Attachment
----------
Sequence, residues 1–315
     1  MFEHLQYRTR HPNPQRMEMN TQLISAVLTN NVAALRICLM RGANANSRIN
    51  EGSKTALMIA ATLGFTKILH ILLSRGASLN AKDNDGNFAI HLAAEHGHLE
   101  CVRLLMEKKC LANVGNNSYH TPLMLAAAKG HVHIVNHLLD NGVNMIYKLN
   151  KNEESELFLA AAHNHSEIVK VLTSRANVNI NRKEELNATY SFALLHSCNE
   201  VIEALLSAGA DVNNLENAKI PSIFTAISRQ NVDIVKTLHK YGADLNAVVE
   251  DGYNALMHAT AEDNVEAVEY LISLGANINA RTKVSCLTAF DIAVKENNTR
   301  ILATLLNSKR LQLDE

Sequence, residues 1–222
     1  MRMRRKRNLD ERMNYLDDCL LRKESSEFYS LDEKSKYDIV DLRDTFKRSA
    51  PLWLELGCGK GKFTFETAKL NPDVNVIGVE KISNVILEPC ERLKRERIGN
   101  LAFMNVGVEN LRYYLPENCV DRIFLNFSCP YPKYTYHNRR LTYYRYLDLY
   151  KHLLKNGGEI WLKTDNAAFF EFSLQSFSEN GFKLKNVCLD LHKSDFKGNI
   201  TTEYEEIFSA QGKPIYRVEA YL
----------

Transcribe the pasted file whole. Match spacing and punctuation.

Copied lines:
Sequence, residues 1–315
     1  MFEHLQYRTR HPNPQRMEMN TQLISAVLTN NVAALRICLM RGANANSRIN
    51  EGSKTALMIA ATLGFTKILH ILLSRGASLN AKDNDGNFAI HLAAEHGHLE
   101  CVRLLMEKKC LANVGNNSYH TPLMLAAAKG HVHIVNHLLD NGVNMIYKLN
   151  KNEESELFLA AAHNHSEIVK VLTSRANVNI NRKEELNATY SFALLHSCNE
   201  VIEALLSAGA DVNNLENAKI PSIFTAISRQ NVDIVKTLHK YGADLNAVVE
   251  DGYNALMHAT AEDNVEAVEY LISLGANINA RTKVSCLTAF DIAVKENNTR
   301  ILATLLNSKR LQLDE

Sequence, residues 1–222
     1  MRMRRKRNLD ERMNYLDDCL LRKESSEFYS LDEKSKYDIV DLRDTFKRSA
    51  PLWLELGCGK GKFTFETAKL NPDVNVIGVE KISNVILEPC ERLKRERIGN
   101  LAFMNVGVEN LRYYLPENCV DRIFLNFSCP YPKYTYHNRR LTYYRYLDLY
   151  KHLLKNGGEI WLKTDNAAFF EFSLQSFSEN GFKLKNVCLD LHKSDFKGNI
   201  TTEYEEIFSA QGKPIYRVEA YL